Burma – Golden Bowl

Date: March 28, 2013

Burma – Golden Bowl

Almost two decades ago, Burma was classified by the United Nations as one of the least developed countries in the world. Nowadays, it has reformed itself and arisen as a golden bowl for those eyeing on new economy development territory.

Rise of the Golden Bowl

The Government of Burma’s reform in eight areas of agriculture, infrastructure, export, investment has achieved outstanding results and was proven to have speeded up development of the national economy.

Ever since Burma officially joining the Association of Southeast Asian Nations ("ASEAN") in 1997, , trade development has been steady grew. With the successful launch of the ASEAN Expo and China - ASEAN Free Trade Area in 2010, Burma also drew the attention of neighboring countries. Trade figures of recent years indicated the progressive growth of trade in Burma. China and Burma bilateral trade amounted to US$4.4 billion in 2010, a year-on-year growth of 53.2% in 2011 to $50 billion, making China the largest trading partner of Burma. Thailand and Singapore came next with records of $4.5 billion and $3 billion respectively. Foreign investment in Burma till May this year received a total of $32 billion from 31 countries and regions involving 440 projects in 12 areas.

Return of World Bank to Burma in August this year after a 25-year of black-out period was remarkable both to the country and investor. This not only indicated improved environment but also brought $85 million funding to support Burma reforms.

Bright side of the Golden Bowl

Burma is rich natural resources such as oil, gas, gold and gems and gets abundant supply of cheap labor.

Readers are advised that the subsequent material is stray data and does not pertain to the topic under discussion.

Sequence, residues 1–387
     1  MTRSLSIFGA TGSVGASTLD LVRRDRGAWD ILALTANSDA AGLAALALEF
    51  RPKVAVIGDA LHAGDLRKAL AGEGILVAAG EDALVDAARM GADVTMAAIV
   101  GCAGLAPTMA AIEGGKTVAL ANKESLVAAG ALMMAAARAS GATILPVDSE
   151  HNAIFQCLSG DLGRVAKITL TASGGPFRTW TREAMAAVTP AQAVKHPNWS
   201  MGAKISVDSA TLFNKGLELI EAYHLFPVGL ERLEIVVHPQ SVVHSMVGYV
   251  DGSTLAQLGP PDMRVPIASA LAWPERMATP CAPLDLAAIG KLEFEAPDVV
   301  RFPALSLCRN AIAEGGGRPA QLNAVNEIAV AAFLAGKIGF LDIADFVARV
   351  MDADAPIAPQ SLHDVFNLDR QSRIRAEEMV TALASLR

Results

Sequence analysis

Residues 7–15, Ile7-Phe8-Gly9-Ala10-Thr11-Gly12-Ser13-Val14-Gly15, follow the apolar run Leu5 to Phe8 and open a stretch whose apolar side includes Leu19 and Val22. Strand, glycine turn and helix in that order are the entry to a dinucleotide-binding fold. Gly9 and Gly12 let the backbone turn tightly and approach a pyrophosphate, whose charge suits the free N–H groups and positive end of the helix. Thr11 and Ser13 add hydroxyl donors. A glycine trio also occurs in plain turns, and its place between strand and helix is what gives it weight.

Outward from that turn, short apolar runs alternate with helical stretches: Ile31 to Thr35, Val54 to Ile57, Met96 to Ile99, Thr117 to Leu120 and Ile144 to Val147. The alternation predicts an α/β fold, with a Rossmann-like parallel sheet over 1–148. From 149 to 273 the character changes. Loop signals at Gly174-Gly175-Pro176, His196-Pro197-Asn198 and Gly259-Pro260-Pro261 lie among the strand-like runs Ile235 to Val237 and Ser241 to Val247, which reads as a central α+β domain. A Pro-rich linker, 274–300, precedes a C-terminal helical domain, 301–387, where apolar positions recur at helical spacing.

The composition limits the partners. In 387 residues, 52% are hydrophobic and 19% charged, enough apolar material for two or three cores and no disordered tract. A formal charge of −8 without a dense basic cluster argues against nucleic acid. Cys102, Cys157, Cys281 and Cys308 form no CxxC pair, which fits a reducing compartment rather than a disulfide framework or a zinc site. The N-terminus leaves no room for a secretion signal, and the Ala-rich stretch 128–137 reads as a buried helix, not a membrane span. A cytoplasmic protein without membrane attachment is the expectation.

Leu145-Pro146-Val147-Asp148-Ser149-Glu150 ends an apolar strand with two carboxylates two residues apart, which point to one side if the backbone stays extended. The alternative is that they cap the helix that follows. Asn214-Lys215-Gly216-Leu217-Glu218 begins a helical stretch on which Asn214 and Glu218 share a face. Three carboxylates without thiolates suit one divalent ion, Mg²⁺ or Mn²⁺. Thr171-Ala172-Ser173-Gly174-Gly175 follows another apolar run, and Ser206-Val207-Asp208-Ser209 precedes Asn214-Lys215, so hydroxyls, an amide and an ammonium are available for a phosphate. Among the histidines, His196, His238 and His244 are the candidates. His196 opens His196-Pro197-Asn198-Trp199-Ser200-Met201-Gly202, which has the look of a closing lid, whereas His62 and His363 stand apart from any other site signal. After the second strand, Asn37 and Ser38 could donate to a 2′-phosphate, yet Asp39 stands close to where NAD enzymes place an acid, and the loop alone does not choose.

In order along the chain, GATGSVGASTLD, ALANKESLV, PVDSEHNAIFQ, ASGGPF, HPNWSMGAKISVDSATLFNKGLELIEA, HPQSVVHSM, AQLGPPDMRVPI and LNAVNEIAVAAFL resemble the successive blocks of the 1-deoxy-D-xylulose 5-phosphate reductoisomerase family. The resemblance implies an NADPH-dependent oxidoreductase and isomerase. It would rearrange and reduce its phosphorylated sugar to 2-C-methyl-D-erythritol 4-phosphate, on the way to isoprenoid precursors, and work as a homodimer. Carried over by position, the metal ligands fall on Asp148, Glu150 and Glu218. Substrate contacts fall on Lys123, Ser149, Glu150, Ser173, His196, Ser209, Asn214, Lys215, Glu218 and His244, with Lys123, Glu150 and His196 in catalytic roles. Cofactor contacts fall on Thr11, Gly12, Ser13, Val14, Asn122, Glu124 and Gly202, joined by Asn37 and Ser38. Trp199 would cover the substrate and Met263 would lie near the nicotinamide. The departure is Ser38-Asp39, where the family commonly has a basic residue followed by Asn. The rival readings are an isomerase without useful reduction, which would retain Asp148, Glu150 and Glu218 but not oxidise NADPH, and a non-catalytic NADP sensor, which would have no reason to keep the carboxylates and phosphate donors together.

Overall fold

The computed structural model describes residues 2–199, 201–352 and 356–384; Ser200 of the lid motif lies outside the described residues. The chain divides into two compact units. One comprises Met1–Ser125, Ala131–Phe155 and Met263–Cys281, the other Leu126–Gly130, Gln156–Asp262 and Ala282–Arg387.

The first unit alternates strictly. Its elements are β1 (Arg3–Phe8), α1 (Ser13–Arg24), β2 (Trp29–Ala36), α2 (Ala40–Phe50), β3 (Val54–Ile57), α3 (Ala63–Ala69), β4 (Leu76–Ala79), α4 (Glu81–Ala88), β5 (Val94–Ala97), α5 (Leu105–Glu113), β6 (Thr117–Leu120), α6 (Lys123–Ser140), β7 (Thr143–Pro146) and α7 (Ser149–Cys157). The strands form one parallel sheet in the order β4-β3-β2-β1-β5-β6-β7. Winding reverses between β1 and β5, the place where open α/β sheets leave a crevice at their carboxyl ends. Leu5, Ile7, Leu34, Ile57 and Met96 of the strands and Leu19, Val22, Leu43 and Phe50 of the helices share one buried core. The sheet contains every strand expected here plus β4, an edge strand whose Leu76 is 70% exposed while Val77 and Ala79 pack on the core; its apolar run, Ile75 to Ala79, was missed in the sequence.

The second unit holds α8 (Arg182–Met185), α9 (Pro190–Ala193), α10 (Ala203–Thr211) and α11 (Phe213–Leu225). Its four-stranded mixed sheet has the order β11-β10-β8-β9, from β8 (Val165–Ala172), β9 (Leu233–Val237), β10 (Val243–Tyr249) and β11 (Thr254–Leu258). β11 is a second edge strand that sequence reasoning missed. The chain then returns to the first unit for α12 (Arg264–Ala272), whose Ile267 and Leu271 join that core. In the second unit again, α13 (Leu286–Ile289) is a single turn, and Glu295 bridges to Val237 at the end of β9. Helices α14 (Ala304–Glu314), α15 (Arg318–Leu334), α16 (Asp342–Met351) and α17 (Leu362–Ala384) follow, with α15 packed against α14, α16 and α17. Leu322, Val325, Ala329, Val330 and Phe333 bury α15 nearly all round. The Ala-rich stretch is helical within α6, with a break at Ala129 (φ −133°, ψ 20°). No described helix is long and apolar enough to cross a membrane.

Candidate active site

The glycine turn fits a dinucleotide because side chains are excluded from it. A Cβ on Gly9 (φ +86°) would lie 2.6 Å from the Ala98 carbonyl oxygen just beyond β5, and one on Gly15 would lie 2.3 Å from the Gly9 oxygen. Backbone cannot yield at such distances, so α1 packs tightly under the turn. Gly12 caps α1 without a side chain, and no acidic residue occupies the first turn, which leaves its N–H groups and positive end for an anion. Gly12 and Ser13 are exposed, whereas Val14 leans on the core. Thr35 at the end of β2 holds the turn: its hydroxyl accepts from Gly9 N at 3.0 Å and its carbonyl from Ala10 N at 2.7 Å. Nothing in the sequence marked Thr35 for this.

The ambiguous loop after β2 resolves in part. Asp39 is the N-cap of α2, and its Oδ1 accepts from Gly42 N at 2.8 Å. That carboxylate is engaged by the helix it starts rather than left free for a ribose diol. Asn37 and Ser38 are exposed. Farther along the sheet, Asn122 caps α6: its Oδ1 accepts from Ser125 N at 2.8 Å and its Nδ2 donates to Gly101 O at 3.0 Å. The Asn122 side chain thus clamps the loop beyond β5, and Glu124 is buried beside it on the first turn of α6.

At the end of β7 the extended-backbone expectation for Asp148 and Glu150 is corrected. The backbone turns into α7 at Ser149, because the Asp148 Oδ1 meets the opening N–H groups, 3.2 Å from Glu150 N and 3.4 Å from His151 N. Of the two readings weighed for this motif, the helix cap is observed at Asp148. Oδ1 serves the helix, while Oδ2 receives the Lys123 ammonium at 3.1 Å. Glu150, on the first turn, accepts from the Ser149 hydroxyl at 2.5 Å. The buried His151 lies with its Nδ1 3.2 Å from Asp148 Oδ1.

Natural resources brought up Burma’s economy in an intense way. According to data provided by the Ministry of National Planning and Economic Development of Burma, as of May this year, oil and gas exploration projects amounted for $13 billion and accounted for 44 percent of all approved projects; power industry and mining industry accounted for 42 and 7 percent respectively. All three industries in total took up over 90 percent of this nation’s investment income.

Take one Burma's electric power project as example. Water resource is highly accessible along Irrawaddy River and Salween River for hydroelectric power generation. Upon green light by Burma government, co-operations between local and foreign enterprises in building power plants, grids and networks complemented the lack of technology and expertise of domestic stakeholders.  

Burma's low price labor costs but high production quality makes the nation lucrative and irresistible to foreign investment. When it comes to wages, take the textile industry as an example, local textile workers’ monthly wage is about $85, much lower than that of $400 to $500 in China. The highly competitive labor pool was a major factor that kept the unemployment rate as low as 1.7 percent only in 2011.

The Asian Development Bank announced in an earlier report this year that Burma might hit an annual growth rate of 7 percent and a three-fold increase in per capita income by 2030 if the reform and development are on the right track.

The dark side …

While a considerate amount of foreign investment was attracted to this nation, development projects in Burma might meet some hindrance that might not be tackled easily.

Poor transportation, communication and power infrastructure is one major obstacle. Despite dedicated works of the Burma government on these aspects, transport networks and facilities are still of low standard and unable to cope with rising cargos and passages demand. Penetration of modern communications equipment remains low and power supply continues to be unstable and insufficient.

Burma is not logistic-friendly as well. The nation gets no deep-water port and relies on transshipment from Singapore. Civil flights are limited and thus no short-term delivery of small quantity is guaranteed.

Domestic political unrest gradually improved, but the establishment of a new political system does not totally ease political tension. Those long-standing fundamental problems in Burma like lack of bureaucratic transparency, incomprehensive law and financial system are dragging down market performance.

One noteworthy issue is that Burma has long established foreign exchange controls, prohibiting free currency exchange and resulting big disparity between the official exchange rate and the free market exchange rate. Foreign investment should take this into consideration seriously.

Burma government has recently announced tax exemption to foreign investors on a wide array of aspects for as many as eight years. Will you be the one to get a spoon of rice from this Golden Bowl? 

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